The Iraqi Student Association aims to promote and raise awareness of Iraqi, Mesopotamian, and Middle Eastern culture. The association is open to everyone, as the goal of ISA is to add to the diversity on campus. We strive to unite the Iraqi students of the campus through cultural appreciation and celebration. We also strive to educate the broader campus about the history and culture of this country by inviting all community members to participate and celebrate with us. Our goal is to celebrate what makes Iraqi-identifying students on this campus unique while also highlighting how we are part of the greater campus community and that our similarities unite us into the tight-knit community that makes this school great.
Our project was our first-annual Chai & Chobi: Iraqi Culture Night. Chai refers to the traditional tea (or chai) that is served at Iraqi events or gatherings, and chobi is the name of the traditional dance performed at public events and at weddings. This event was important because it allowed us to highlight Iraqi culture and celebrate the diversity that makes it beautiful. Not only is Iraq a mix of ethnicities, religions, and languages, but it is also home of Mespotomia and the first civilizations with groups including the Sumerians, the Assyrians, and the Babylonians. These cultures are still alive today and continue to contribute to what makes Iraq unique.
The night consisted of Iraqi pastries and chai, as well as catering from one of the best Iraqi and Mesopotamian restaurants in Michigan: Ishtar Restaurant. We played music, and members of the Iraqi Student Association performed choreographed Iraqi chobi and Assyrian bagiya routines together for the audience. They then opened the floor to perform a chobi line where everyone was able to join in while the board members taught them how to do the dance. The dance itself stems all the way back to Mesopotamia, and Iraqi communities alike are struggling to keep the dance and culture from becoming extinct. (Click here to enjoy a video of the dance and the culture night) There are not many spaces for Iraqis to freely share their culture due to the political and social issues that have occurred in the past three decades.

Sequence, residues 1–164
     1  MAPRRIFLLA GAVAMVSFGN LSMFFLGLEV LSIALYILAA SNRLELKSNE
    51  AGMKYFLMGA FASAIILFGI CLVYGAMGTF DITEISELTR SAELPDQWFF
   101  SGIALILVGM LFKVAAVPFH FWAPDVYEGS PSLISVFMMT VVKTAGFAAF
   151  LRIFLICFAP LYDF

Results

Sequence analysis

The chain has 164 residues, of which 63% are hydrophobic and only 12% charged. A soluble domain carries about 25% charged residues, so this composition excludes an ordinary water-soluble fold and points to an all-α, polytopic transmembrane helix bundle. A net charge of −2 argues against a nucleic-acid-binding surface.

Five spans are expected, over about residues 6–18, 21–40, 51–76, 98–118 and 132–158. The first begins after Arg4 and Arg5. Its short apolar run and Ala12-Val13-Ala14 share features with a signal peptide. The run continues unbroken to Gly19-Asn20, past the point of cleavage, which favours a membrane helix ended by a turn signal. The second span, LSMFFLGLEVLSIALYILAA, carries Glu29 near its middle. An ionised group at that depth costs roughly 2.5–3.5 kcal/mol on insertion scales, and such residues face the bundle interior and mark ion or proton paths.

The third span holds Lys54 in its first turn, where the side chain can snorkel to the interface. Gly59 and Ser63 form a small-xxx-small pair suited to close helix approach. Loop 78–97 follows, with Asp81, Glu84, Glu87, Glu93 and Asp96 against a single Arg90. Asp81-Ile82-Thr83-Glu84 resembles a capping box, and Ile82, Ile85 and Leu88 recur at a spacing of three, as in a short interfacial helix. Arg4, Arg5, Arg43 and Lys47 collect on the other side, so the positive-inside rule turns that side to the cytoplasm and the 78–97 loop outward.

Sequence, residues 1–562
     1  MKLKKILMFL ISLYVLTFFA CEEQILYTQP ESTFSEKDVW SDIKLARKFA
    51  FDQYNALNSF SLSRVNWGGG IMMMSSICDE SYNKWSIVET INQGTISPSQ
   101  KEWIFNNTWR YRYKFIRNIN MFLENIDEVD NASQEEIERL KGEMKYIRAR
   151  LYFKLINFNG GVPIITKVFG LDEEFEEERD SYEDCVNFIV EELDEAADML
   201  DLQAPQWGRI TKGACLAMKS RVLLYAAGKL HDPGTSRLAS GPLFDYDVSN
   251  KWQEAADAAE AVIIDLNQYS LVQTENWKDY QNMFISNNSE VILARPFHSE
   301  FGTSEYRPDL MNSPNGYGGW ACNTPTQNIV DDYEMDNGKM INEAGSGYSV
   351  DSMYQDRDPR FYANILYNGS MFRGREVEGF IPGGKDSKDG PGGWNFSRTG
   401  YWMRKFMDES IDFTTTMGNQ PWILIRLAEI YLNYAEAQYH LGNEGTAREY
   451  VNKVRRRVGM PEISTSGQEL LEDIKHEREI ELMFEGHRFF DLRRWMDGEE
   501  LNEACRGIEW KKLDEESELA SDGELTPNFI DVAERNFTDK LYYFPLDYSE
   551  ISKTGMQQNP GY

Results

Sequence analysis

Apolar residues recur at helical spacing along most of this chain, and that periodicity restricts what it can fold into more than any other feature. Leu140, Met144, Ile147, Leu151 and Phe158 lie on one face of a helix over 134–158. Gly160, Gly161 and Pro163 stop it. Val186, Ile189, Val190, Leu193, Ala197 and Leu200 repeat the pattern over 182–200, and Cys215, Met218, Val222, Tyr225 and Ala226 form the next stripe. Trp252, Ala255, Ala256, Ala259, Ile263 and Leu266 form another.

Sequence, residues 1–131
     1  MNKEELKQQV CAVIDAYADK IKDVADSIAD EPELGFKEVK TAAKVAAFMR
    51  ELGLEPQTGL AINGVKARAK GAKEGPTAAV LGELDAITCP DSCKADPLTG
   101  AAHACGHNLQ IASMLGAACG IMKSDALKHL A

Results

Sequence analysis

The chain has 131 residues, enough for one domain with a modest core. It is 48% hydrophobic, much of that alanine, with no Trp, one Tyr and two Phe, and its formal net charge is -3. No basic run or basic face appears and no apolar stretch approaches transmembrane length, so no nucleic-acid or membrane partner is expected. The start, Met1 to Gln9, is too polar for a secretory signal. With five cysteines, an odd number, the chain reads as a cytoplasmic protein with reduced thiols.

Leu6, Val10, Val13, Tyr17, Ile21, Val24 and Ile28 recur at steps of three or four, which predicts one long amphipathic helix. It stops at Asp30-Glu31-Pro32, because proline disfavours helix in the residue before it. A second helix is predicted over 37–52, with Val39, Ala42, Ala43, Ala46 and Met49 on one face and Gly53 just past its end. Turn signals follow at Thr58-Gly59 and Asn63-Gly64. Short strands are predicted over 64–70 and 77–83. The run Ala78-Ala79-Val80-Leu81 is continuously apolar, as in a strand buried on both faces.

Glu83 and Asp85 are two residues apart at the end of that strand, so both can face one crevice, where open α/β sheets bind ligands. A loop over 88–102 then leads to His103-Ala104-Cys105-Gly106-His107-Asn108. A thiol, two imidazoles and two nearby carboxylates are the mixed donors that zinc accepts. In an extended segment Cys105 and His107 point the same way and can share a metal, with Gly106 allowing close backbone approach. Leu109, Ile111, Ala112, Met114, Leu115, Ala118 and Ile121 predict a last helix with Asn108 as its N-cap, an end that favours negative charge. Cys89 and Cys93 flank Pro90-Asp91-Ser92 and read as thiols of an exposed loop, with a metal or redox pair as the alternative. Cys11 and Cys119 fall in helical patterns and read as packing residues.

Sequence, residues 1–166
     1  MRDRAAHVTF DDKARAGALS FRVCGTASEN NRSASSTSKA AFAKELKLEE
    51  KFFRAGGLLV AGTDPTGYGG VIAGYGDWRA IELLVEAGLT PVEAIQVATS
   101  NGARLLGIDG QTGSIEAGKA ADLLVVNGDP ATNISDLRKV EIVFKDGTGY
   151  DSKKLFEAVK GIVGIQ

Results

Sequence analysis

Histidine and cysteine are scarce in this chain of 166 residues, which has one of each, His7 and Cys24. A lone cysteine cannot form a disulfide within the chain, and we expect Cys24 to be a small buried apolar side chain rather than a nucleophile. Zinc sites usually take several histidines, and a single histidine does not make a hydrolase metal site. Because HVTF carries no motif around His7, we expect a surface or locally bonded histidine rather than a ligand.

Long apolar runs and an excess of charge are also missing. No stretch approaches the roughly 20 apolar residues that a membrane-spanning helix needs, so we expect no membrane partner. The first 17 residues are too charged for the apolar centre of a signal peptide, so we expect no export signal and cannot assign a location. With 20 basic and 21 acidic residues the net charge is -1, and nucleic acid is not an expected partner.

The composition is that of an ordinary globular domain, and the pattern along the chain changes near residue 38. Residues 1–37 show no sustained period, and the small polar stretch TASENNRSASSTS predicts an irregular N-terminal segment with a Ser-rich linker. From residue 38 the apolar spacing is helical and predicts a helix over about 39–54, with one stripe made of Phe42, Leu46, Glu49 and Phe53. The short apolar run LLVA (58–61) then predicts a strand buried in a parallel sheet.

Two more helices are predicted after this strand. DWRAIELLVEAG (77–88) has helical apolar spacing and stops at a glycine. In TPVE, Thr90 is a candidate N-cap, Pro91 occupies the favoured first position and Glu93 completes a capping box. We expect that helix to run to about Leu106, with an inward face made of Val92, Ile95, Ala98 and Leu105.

Even before the turn of the century, Iraq has only even been portrayed in a negative light in Western media. There has never been space to express the beautiful culture, history, and people that originate from Iraq. So few people know of the melting pot that the Ancient Mesopotamian region is religiously, linguistically, culturally, and academically. In today’s society, only negative ideas and stereotypes are brought up at the mention of Iraq. It is as people have forgotten that civilization started right there and that the Mesopotamian people still exist (many of us are even on this campus!).
It is more vital than ever that the campus hears the Iraqi narrative. Iraqis are forgotten refugees; Iraqis are targeted for hate crimes; Iraqis are facing a diaspora; the once-rich culture and country is disintegrating under imperialism and extremism. Soon, the entire area will collapse, and centuries of history, art, culture, and academia will fall with the country. This is why it is so important for the campus community to understand what is occurring on the other side of the world and the beautiful culture that comes from it.
By Mays AlBayati